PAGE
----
Algorithm leans on patient-reported variables to predict mortality

A machine learning algorithm that predicts five-year mortality among patients with atherosclerotic cardiovascular disease (ASCVD) makes the case that patient responses to questionnaires can be just as informative in risk stratification as clinical characteristics and lab measurements.

Three researchers from the Mayo Clinic in Rochester, Minnesota, evaluated the predictive power of the algorithm in 4,689 ASCVD patients who were referred for noninvasive vascular evaluation. Those patients were 62 percent male and age 66 on average.

The authors fed 52 clinical variables and 48 patient-reported variables related to health and lifestyle habits into a sparse decision tree algorithm, which pared the prediction model down to only the 15 most important items. The other 85 were considered “negligible” in terms of their prognostic value, study coauthor Ozan Dikilitas, MD, told Cardiovascular Business.

The model achieved an area under the ROC curve (AUC) of 0.82 for predicting five-year mortality—discrimination on par with other five-year mortality models containing significantly more variables, Dikilitas said.

But perhaps the more interesting part of the study, presented at the American Heart Association’s 2018 Scientific Sessions, was which variables made the cut. Six of the top 10 items used in the final model came from patient questionnaires.

Those items included questions about whether patients were limited in their daily activities due to physical health, their overall perception of their health and separate questions about whether their health limits them in climbing flights of stairs, performing vigorous exercise or moderate activities such as vacuuming, bowling or playing golf.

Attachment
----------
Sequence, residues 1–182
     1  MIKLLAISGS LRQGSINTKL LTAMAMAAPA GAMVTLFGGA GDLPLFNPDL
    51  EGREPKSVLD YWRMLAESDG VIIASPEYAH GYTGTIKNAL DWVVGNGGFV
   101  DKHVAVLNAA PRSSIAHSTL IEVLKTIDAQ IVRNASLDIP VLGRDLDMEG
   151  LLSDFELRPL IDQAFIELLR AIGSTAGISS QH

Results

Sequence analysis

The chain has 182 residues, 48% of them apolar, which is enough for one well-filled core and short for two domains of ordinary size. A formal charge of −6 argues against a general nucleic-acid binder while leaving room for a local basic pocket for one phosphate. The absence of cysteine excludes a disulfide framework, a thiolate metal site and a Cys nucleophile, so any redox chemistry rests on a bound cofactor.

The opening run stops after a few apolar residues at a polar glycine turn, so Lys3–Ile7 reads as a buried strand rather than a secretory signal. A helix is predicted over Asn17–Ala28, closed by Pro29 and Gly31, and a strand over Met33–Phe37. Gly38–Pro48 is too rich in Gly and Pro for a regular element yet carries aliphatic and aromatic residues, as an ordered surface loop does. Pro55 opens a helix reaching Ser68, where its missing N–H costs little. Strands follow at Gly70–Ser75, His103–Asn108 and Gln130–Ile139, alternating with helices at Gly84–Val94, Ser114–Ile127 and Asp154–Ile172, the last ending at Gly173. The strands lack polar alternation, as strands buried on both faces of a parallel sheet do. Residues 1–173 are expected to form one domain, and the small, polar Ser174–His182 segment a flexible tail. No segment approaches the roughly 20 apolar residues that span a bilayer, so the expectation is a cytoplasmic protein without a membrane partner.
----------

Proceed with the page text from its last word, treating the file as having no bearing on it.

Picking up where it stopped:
Red blood cell distribution width, age and congestive heart failure were the three most important factors, respectively, but the questionnaire responses ranked ahead of clinical characteristics like hemoglobin (No. 11), coronary heart disease (No. 13) and tobacco use (No. 15). Cholesterol values and echocardiographic measurements didn’t even make the top 15, Dikilitas said.

He admitted to being surprised by how highly the survey responses ranked, “but now looking back it kind of makes sense because when a patient answers these types of questions, it shows a general picture of their life,” said Dikilitas, a research fellow for cardiovascular diseases at Mayo Clinic.

“If they’re having a lot of problems with limitations with their daily activities, if they’re not exercising at all, it shows some kind of burden that might be in the background picture that could lead to a lot of different comorbidities, which could translate into all that mortality.”

The study shows a machine learning model based on relatively few characteristics can achieve good prognostic value, and the best approach may be to join patient-reported variables with the clinical values commonly used in current risk estimates.

“There’s been a bias toward giving only these (lab) measurements as gold standard, but you could actually use a combination,” Dikilitas said. “Based on this data, the patient responses were powerful enough to make the cut and compete with a lot of those gold-standard measurements. There’s accessibility but just a reluctance to use them for a prognostication model for mortality.”

Dikilitas said this combined approach could prove practical because patient questionnaires are easily administered and often given in studies already—even if they’ve traditionally been undervalued. All the variables in this “sparse set” were pulled from electronic health records and captured during a patient’s normal course of care, further demonstrating the scalability of the model.